Nightmare on Normal Street

Of course, no San Diego Halloween would be complete without the LGBT community’s contribution to the brew of chilling events. That is of course Nightmare on Normal Street, billed as “Hillcrest’s Halloween block party.” But through the years, Nightmare on Normal has become more than just a Hillcrest thing. Nightmare has become such a San Diego institution that some may forget that the event is put on by the San Diego LGBT Community Center, and proceeds of Nightmare on Normal Street go to support the Center’s programs.

But beware, those who show up on the corner of Normal Street and University Avenue Monday, Oct. 31 will find the place a relative (yes, we’ll say it) ghost town. Rather, hobgoblins, witches and all other revelers should come decked out Oct. 29 from 7-10 p.m.

San Diego LGBT Weekly’s very own Nicole Murray Ramirez will emcee for what organizers call “… the fabulous costume contest.” The grand prize is $1,000. Costume contest registration is limited to the first 66 entries and will close “promptly at 8:30 p.m.,” according to promotional material. Tickets are $12.50 online, and include $5 in drink tickets; $10 at the door with no drink tickets, or $50 for VIP tickets, which include reserved seating and complimentary drink service. Nightmare on Normal Street is a 21 and older event, and ID is required.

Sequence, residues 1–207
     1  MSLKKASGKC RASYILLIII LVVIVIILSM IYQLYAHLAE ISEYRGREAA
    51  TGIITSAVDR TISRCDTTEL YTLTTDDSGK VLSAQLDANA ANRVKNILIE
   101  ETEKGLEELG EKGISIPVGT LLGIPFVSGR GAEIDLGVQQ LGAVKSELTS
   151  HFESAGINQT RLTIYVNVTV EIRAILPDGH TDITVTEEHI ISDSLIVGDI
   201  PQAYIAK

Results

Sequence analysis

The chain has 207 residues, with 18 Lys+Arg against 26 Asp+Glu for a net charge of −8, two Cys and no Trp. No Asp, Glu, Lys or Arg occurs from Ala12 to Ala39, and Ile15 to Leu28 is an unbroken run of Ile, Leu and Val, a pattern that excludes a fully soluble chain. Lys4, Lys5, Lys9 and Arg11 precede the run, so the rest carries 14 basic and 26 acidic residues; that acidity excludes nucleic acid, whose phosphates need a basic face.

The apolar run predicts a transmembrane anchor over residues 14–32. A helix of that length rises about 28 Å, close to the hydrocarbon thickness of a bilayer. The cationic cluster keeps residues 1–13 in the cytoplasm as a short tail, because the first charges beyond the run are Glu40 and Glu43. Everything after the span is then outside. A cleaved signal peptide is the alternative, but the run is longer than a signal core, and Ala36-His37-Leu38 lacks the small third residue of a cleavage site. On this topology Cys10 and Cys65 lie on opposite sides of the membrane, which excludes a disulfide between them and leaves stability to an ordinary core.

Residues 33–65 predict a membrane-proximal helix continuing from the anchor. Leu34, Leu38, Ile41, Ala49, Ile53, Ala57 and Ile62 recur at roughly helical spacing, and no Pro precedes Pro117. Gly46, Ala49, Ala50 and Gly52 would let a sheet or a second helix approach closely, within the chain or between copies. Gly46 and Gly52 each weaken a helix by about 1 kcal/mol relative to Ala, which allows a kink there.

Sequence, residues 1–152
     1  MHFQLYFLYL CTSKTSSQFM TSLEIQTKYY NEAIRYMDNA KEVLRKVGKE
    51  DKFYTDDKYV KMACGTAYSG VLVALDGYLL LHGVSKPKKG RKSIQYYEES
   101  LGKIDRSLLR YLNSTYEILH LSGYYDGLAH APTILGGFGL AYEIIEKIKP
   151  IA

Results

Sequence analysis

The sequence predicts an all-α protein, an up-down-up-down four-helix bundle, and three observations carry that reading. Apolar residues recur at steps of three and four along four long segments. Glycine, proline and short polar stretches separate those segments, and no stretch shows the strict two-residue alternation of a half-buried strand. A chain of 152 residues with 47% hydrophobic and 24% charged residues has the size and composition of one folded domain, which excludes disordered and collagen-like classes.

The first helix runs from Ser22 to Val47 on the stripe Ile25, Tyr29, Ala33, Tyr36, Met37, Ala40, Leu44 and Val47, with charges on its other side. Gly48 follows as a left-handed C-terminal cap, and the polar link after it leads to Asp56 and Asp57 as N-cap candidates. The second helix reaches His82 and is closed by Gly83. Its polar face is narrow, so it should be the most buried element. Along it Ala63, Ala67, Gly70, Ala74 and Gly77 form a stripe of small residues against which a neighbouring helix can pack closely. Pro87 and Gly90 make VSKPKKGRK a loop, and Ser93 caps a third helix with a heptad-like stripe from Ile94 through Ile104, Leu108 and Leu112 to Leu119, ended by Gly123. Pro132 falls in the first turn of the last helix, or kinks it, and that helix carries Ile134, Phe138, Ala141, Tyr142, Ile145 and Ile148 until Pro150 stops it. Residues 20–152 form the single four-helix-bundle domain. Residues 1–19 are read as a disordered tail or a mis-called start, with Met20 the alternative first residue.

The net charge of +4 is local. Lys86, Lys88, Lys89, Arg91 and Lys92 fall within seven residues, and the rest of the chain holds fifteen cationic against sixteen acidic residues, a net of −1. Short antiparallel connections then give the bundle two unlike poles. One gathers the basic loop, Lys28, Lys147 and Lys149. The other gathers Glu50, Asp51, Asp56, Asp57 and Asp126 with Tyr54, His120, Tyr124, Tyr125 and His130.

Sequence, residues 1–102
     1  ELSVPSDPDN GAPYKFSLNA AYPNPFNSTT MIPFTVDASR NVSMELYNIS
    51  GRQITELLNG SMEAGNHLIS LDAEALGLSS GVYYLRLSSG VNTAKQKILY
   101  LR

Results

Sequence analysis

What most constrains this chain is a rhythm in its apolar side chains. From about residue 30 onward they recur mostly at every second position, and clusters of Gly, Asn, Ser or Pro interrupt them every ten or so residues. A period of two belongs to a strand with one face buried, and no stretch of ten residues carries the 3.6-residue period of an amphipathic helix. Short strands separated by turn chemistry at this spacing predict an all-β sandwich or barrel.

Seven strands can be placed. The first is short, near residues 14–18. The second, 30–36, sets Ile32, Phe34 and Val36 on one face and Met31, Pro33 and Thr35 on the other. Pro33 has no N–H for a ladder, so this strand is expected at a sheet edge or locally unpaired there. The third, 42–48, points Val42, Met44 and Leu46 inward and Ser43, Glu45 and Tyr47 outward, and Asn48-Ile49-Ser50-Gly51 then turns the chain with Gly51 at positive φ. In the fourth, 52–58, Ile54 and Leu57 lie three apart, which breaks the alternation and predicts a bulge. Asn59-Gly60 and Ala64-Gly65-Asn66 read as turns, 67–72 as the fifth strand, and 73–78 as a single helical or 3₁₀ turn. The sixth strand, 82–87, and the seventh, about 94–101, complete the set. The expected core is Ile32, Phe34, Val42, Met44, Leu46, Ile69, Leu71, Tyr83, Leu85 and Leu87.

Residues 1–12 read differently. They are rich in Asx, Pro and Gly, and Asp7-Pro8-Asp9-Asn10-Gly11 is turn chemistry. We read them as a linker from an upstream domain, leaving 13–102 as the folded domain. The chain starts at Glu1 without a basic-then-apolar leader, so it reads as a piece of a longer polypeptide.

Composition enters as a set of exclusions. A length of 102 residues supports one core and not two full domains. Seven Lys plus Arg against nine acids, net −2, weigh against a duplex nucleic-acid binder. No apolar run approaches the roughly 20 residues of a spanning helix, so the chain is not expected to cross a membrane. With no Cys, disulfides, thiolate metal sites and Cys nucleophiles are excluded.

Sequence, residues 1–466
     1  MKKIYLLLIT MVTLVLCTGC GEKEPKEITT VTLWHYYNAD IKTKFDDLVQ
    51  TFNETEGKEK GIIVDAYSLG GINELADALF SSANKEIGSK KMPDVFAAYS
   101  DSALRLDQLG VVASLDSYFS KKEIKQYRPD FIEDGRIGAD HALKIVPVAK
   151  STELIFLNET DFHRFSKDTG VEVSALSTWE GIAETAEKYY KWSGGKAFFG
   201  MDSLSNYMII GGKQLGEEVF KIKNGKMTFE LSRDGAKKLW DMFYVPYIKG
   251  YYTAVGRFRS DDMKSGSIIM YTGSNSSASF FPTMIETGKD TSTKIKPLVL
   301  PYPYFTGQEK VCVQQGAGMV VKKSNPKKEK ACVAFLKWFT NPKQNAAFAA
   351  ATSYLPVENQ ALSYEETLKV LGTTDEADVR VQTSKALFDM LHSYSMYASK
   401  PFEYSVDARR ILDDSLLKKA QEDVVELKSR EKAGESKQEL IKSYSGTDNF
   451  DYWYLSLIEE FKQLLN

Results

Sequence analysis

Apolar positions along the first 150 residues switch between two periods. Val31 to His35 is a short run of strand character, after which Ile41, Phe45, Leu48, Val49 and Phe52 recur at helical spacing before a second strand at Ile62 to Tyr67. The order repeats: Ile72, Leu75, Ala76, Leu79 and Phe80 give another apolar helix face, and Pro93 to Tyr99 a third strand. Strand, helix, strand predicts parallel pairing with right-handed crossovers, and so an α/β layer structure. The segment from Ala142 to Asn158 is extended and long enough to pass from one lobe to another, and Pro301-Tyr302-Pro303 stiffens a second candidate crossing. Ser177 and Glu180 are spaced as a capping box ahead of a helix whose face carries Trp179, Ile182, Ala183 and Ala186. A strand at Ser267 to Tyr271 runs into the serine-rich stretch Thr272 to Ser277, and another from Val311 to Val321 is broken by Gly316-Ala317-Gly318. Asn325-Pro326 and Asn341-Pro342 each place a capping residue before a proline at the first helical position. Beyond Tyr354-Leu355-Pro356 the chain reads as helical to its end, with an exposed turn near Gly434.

Trick or Treat

Not to fret; there’s something in San Diego for everyone. In fact, according to national real estate data firm, Zillow, San Diego County has one of the most trick-or-treater-friendly populations in the country.

Among important “rules of engagement” are these recommended by Halloween Magazine (which, by the way, has a trick-or-treating-safety game at halloweenmagazine.com):

• Young children should always go trick-or-treating with an adult.

• Plan your entire route and make sure your family knows what it is.

• Wear flame retardant costumes.

• Parents should check candy before it is eaten.

• Be very cautious of strangers.

• Accept treats only in the doorway. Never go inside a house.

• Don’t play near lit Jack O’Lanterns.

• Visit only houses where the lights are on.

• Walk, don’t run, only on sidewalks and driveways.

• Cross the street at corners or in a crosswalk.

• Take a mobile phone.

• Keep track of time and limit it in order to avoid accidents and fatigue (an hour and a half to two hours is plenty of time to collect your booty).

• Carry a flashlight.

• Have candy scanned by a hospital (Anderson Medical Center in Pacific Beach will offer digital x-raying of candy).

Be sure to read Allan Spyere’s column for a comprehensive list of places and events where grown-ups can find their own tricks and treats.



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Posted by LGBT Weekly on Oct 27, 2011. Filed under Feature Story. You can follow any responses to this entry through the RSS 2.0. You can leave a response or trackback to this entry